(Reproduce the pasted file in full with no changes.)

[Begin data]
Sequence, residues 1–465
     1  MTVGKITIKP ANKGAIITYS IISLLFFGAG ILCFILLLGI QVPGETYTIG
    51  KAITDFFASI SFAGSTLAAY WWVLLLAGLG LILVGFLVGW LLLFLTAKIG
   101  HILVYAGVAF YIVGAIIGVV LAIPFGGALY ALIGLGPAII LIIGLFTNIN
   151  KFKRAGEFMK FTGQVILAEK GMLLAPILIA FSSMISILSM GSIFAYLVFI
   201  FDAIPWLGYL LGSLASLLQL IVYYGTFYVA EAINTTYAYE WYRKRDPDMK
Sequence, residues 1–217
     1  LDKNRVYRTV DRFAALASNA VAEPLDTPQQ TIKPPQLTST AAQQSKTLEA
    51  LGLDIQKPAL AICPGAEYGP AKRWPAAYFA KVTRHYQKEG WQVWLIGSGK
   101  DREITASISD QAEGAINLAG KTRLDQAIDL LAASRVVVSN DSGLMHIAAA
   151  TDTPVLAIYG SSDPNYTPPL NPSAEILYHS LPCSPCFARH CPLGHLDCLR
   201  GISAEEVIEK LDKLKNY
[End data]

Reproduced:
Sequence, residues 1–465
     1  MTVGKITIKP ANKGAIITYS IISLLFFGAG ILCFILLLGI QVPGETYTIG
    51  KAITDFFASI SFAGSTLAAY WWVLLLAGLG LILVGFLVGW LLLFLTAKIG
   101  HILVYAGVAF YIVGAIIGVV LAIPFGGALY ALIGLGPAII LIIGLFTNIN
   151  KFKRAGEFMK FTGQVILAEK GMLLAPILIA FSSMISILSM GSIFAYLVFI
   201  FDAIPWLGYL LGSLASLLQL IVYYGTFYVA EAINTTYAYE WYRKRDPDMK
Sequence, residues 1–217
     1  LDKNRVYRTV DRFAALASNA VAEPLDTPQQ TIKPPQLTST AAQQSKTLEA
    51  LGLDIQKPAL AICPGAEYGP AKRWPAAYFA KVTRHYQKEG WQVWLIGSGK
   101  DREITASISD QAEGAINLAG KTRLDQAIDL LAASRVVVSN DSGLMHIAAA
   151  TDTPVLAIYG SSDPNYTPPL NPSAEILYHS LPCSPCFARH CPLGHLDCLR
   201  GISAEEVIEK LDKLKNY